Checking if the view is ready to be rendered

Although SwiftUI views do not provide an API to show this process, we can use the UIViewControllerRepresentable protocol to wrap a UIViewController, and determine the current state through its lifecycle callback methods.

Swift
struct ViewHelper: UIViewControllerRepresentable {
    func makeUIViewController(context _: Context) -> HelperController {
        return HelperController()
    }

    func updateUIViewController(_: HelperController, context _: Context) {
    }

    // new api in SwiftUI 4 
    func sizeThatFits(_: ProposedViewSize, uiViewController _: HelperController, context _: Context) -> CGSize? {
        print("helper layout")
        return .init(width: 50, height: 50)
    }
}

final class HelperController: UIViewController {
    override func viewWillAppear(_: Bool) {
        print("will appear(render)")
    }
}

In the above code, the timing of the sizeThatFits and Layout protocol’s sizeThatFits calls are consistent, both accessed during the layout process when the parent view asks for the required size of the child view. On the other hand, viewWillAppear is called before the UIViewController is presented (it can be understood as before rendering) and is called by UIKit.

The “view” wrapped by UIViewControllerRepresentable is not a real view. For SwiftUI, it is a black hole that provides the required size, so there is no evaluation involved.

Integration

With the tools mentioned above, we can now fully understand the processing of a SwiftUI view and the timing of onAppear call with the following code.

Swift
struct LayoutTest: View {
    var body: some View {
        MyLayout(name: "outer") {
            let _ = print("outer evaluate")
            MyLayout(name: "inner") {
                let _ = print("inner evaluate")
                ViewHelper()
                    .onAppear {
                        print("helper onAppear")
                    }
            }
            .onAppear {
                print("inner onAppear")
            }
        }
        .onAppear {
            print("outer onAppear")
        }
    }
}

输出如下:

Bash
outer evaluateinner evaluateouter layoutinner layouthelper layoutouter onAppearhelper onAppearinner onAppearwill appear(render)

Analysis

From the above output, we can clearly understand the entire process of view processing:

  • SwiftUI first evaluates the view (from outermost to innermost)
  • After all evaluations are completed, it starts layout (from parent view to child view)
  • After layout is completed, the onAppear closure corresponding to the view is called (the order is unknown, do not assume the execution order between onAppear)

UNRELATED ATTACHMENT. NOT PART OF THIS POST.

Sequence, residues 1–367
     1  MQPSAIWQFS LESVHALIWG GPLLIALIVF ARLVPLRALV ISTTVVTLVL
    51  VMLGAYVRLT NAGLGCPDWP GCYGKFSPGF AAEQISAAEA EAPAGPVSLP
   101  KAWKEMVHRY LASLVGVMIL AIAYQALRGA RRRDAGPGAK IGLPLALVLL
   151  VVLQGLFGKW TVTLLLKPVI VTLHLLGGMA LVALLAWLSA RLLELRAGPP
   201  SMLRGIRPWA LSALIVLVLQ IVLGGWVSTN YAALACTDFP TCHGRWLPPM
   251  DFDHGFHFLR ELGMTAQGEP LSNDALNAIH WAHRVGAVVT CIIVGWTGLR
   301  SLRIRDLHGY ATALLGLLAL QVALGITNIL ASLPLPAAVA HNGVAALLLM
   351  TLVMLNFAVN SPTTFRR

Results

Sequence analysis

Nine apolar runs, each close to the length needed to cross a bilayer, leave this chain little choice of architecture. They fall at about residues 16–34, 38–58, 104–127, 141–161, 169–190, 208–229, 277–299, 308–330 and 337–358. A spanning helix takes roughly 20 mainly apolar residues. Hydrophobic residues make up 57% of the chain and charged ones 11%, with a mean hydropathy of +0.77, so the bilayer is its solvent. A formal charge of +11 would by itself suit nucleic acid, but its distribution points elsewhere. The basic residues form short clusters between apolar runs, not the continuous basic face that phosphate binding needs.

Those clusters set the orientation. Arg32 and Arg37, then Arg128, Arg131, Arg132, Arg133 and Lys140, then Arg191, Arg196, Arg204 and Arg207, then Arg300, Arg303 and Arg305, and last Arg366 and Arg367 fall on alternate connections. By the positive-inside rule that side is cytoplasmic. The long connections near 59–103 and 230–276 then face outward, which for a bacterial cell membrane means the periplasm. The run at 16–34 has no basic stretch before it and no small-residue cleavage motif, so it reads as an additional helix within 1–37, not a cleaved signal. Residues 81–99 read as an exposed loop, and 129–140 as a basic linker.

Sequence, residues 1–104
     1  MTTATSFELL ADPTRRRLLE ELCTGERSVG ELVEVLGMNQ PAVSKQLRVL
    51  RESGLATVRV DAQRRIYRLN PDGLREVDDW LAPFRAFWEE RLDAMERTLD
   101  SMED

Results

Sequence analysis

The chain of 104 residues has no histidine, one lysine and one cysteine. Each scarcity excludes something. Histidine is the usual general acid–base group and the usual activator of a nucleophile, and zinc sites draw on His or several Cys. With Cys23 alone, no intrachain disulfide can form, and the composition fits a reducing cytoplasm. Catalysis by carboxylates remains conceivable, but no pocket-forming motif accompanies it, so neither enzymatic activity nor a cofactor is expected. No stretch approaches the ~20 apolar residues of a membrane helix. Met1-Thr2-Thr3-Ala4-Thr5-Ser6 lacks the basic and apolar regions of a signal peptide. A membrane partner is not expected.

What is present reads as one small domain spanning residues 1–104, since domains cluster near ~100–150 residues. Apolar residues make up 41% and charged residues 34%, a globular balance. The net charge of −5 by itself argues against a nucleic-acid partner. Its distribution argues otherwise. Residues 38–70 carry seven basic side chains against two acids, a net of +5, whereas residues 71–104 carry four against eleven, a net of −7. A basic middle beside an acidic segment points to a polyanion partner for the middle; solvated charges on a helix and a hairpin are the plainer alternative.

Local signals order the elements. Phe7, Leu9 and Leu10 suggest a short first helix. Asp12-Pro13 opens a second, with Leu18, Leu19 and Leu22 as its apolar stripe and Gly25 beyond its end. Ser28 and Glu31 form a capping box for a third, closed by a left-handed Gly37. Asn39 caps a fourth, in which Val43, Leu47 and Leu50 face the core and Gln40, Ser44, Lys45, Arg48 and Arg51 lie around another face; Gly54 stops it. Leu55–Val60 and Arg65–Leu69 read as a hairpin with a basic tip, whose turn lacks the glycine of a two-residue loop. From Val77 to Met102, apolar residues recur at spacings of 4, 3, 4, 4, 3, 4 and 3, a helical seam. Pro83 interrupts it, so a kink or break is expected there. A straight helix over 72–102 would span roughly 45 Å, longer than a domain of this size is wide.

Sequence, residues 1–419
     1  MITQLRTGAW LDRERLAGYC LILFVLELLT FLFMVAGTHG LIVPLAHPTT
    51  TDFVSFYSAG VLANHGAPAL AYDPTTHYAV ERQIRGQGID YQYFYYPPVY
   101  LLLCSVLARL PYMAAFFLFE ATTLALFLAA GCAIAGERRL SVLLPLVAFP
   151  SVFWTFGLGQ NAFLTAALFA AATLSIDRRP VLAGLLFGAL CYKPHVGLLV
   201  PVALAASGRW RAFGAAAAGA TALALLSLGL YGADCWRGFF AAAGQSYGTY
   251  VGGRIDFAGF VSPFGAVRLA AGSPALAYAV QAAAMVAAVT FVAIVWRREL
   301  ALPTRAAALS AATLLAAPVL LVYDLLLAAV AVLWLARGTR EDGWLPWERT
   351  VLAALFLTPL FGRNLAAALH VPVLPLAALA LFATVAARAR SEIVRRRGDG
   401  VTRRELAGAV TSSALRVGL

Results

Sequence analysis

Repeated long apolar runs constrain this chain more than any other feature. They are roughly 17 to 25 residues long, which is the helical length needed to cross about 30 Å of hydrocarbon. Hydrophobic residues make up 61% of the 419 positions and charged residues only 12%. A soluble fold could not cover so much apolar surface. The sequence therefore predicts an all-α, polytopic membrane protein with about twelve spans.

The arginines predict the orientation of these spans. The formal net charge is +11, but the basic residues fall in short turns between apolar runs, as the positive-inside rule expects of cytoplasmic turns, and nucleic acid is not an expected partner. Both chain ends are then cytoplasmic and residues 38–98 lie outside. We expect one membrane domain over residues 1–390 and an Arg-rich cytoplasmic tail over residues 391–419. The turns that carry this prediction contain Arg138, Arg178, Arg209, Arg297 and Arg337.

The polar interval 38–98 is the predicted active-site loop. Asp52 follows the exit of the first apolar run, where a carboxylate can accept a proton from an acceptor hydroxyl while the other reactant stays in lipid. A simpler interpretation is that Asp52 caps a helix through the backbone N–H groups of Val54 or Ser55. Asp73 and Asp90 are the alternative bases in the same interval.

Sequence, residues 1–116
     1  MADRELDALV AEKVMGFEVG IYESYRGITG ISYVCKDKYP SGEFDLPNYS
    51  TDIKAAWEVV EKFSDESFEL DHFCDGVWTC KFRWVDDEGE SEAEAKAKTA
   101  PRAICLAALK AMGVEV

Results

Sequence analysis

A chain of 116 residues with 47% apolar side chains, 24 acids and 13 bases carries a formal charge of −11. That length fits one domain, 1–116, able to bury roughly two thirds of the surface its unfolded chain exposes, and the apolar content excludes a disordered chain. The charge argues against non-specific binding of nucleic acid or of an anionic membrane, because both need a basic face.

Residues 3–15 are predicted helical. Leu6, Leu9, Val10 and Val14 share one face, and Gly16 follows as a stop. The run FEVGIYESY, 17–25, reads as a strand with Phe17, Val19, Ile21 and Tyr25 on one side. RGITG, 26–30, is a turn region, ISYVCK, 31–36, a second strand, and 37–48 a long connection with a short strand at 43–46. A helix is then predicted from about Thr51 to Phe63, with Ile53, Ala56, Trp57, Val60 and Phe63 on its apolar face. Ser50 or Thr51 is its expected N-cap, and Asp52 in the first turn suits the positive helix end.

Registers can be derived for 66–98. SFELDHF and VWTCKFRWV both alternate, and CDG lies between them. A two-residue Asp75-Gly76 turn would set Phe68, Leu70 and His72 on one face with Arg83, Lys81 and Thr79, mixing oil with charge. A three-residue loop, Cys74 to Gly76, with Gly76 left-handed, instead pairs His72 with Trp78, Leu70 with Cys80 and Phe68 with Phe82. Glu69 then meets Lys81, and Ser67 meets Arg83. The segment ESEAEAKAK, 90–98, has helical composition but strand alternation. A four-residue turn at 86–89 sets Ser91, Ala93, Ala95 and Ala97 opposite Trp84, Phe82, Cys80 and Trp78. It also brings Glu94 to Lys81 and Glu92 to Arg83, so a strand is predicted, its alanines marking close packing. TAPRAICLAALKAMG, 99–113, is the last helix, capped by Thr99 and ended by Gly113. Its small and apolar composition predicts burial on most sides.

• Render the view

Thus, it can be proved that onAppear is indeed called after layout and before rendering.

Answer

Going back to the initial question of this article.

First block of code

  • Evaluate VStack
  • Calculate to Text and create Text instance
  • When creating an instance, getWord needs to be called to get the parameter
  • At this time, because the newWords array is empty, an array index out of bounds error occurs

That is to say, when the first block of code reports an error, the view has not even entered the layout phase, let alone calling onAppear.

Without considering whether the absolute index value is correct, the following code can avoid the problem:

Swift
if !newWords.isEmpty {
    Text(getWord(at:0))
}

Second Code Block

  • Evaluate the List
  • Since ForEach processes subviews based on the number of newWords, there will be no problem even if newWords is empty at this point
  • Complete the layout
  • Call the onAppear closure and assign a value to newWords
  • Since newWords is the source of truth for this view, changes to it will cause the view to refresh
  • Repeat the above process, at this point newWords already has a value, and ForEach will process all subviews normally

Conclusion

In this article, we clarified the timing of onAppear calls using new tools provided by SwiftUI 4, which may be an application of functionality that was not thought of when developing new APIs.

I'm really looking forward to hearing your thoughts! Please Leave Your Comments Below to share your views and insights.

Fatbobman(东坡肘子)

I'm passionate about life and sharing knowledge. My blog focuses on Swift, SwiftUI, Core Data, and Swift Data. Follow my social media for the latest updates.

You can support me in the following ways